|Album Rating: B|
The instrumentation here has undergone a total overhaul, the fairly straightforward pop-rock ensemble seen on Share This replaced with a litany of soft-spoken percussion instruments, a celesta, a piano, and an acoustic guitar. The resulting shift is one of both texture and dynamic—a feeling of isolation seeps through everything, softening the intensity of the source material but also infusing it with a touch of sorrow. This approach works surprisingly well at times (perhaps because Share This, underneath its sheen, was already quite a sad album), but sometimes the songwriting don’t quite dovetail with the reimagined atmosphere. For instance, “Chauffeur De Corbillard” loses the absolutely draining guitar climax serving as the original’s emotional core but doesn’t switch up the arrangement at all. As a result, it ends up crawling forward instead of doing its own thing, never quite reaching the soaring heights it’s aiming for. “Cicatrice Du Soldat” suffers from a similar issue once it reaches the bridge, where the original built in intensity: with some rearrangement of the dynamics, it could have been a powerful reinterpretation of the original, but it’s impossible to replicate the original’s climax with the instrumentation found on Blood Harmony, and the resulting ending feels underwhelming.
It’s no coincidence that the only new track on Blood Harmony is also the strongest: the folksy Western epic “Mexique” isn’t burdened with any source material to live up to, so it builds a world of its own, laying a hushed foundation that’s almost tribal on which the vocals can come together in all sorts of interesting ways—the band’s tapped into religious material before, and it’s fitting that the arrangement takes on a bit of a choral bent as the Larsons convey what’s essentially a spiritual battle, the choice between staying in a hellbound society and rejecting it to find a better ideal—which, as the narrator finds out, is something he could have done all along without having left everything behind. Those disappointed in the covers here can still find some satisfaction in knowing that Les Sages can still execute lofty ideas with flair and intelligence.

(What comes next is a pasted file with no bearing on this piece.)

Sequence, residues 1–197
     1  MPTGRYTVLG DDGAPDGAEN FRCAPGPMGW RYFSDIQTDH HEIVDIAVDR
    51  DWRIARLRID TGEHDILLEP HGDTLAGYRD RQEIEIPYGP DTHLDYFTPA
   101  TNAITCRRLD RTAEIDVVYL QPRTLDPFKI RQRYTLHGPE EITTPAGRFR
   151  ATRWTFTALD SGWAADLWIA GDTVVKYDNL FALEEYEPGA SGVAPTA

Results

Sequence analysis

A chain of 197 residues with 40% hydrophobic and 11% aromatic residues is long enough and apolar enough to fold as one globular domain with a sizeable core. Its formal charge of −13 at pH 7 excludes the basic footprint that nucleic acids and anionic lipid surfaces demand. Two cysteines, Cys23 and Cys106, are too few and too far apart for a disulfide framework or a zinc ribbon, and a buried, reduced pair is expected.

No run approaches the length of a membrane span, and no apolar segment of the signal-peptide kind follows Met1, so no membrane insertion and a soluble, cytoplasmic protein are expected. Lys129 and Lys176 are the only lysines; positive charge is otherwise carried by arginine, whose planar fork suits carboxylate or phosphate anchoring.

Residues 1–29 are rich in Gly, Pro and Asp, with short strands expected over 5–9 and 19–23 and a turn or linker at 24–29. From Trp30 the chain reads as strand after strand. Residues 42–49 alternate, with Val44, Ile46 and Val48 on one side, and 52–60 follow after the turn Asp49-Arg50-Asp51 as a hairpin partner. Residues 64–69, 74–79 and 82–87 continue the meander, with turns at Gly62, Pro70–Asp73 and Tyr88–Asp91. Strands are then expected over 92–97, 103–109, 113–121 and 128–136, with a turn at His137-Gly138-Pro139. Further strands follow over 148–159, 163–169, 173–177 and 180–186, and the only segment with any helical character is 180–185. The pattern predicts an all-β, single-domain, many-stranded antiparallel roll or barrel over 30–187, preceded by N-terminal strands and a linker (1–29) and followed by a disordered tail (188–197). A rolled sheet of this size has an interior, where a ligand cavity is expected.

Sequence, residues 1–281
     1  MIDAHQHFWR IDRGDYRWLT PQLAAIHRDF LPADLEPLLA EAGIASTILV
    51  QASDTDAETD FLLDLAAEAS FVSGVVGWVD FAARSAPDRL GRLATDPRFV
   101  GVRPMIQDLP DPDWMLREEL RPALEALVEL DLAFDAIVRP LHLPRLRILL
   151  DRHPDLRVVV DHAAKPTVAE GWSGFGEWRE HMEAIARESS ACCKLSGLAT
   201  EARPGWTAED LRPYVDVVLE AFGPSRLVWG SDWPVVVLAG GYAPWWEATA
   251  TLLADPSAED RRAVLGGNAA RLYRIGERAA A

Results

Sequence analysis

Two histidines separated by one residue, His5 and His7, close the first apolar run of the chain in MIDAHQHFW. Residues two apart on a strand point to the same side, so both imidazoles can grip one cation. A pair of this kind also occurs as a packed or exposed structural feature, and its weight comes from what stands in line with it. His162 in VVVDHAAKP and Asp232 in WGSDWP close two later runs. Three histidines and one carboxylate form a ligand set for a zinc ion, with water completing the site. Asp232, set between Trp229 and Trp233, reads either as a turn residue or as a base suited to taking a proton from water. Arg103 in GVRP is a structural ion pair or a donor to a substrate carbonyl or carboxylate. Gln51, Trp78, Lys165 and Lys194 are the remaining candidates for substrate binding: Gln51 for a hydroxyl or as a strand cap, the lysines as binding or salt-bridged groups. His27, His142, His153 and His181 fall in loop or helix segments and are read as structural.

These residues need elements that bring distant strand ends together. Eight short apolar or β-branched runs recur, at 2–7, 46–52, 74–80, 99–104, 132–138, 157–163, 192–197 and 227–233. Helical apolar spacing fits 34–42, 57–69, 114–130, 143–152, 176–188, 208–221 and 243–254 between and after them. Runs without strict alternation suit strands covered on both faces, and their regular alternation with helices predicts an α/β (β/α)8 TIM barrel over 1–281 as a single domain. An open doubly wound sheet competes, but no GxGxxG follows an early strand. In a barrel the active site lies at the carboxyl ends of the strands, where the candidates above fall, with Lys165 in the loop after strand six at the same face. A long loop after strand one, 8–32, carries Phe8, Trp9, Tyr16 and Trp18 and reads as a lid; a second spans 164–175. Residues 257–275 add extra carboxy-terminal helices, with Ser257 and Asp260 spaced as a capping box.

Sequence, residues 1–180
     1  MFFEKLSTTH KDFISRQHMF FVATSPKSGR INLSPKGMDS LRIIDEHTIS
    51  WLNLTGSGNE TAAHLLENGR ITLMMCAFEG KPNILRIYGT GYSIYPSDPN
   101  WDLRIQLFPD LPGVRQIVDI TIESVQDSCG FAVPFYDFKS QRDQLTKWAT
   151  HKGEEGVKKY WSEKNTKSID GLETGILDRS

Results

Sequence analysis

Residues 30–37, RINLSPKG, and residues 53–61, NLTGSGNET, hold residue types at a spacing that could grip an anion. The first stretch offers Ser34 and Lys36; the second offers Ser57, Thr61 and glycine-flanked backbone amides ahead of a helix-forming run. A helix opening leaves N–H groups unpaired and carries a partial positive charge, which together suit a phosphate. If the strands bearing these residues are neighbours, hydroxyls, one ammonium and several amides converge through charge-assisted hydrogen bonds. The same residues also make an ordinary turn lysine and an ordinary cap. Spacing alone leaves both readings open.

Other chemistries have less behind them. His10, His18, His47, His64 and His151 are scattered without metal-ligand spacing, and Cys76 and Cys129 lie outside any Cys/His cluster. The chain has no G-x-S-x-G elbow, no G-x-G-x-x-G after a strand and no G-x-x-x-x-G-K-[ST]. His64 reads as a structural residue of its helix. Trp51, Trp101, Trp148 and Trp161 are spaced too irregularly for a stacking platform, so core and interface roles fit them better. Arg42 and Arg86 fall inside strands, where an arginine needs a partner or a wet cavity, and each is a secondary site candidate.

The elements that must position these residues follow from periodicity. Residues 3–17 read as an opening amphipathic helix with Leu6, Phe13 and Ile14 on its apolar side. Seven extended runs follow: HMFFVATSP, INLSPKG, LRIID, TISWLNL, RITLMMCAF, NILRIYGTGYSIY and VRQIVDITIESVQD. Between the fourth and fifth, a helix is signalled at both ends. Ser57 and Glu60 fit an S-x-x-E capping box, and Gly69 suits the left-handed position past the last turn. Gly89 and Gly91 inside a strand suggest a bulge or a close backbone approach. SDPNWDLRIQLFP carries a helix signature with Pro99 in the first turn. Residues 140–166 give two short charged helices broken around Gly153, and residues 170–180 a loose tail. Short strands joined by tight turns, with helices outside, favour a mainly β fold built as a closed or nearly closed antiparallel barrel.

With the caveats regarding the instrumentation and rearrangements set aside, it’s worth mentioning that Blood Harmony still lives up to its name: there are harmonies galore here, and they’re bloody good. The Larson clan is known for having a collaborative approach to vocals, and its latest work is jam-packed with character, interaction, and emotion as a result. “Nomades” succeeds because it trusts in the interplay between the male and female characters to carry the song’s emotional weight: the songwriting’s fantastic too, adjusting the original rhythms ever-so-slightly in order to better accentuate the motifs of connection and intimacy. “Deception” utilizes negative space in a haunting way, letting the vocals take on a slower, more understated pace—this choice proves fruitful as it delineates the speed-up nearing the end. Occasionally, the many tangents feel shoehorned in, like the addition of choral vocals on “Cicatrice Du Soldat” (which hammer in the anguish of the lyrics a bit too earnestly), but for the most part, the Larsons show a precision in their arrangements any family would be impressed by.
It’s on the last track, “Amis,” where Blood Harmony reveals its true colors—and truly makes a case for itself. Consider, first of all, its placement: on Share This, “Deception” (known as “Tricks” on that album) was the final track, while “Amis” directly follows it here—in a way, it’s the flipside of that track’s pessimistic bent, turning feelings of betrayal into an active call to be better people (or should I say better “Friends.”) Its virtues and flaws are more-or-less lined up with the virtues and flaws of the album as a whole: without sheer sonic power to fall back on, some of Les Sages’ more mawkish attributes begin to reveal themselves, but the band believes in them so genuinely that its unflappable optimism takes on the sheen of something grand all the same.
2. La Lutte des Classes
3. Chauffeur de Corbillard
5. Cicatrice du Soldat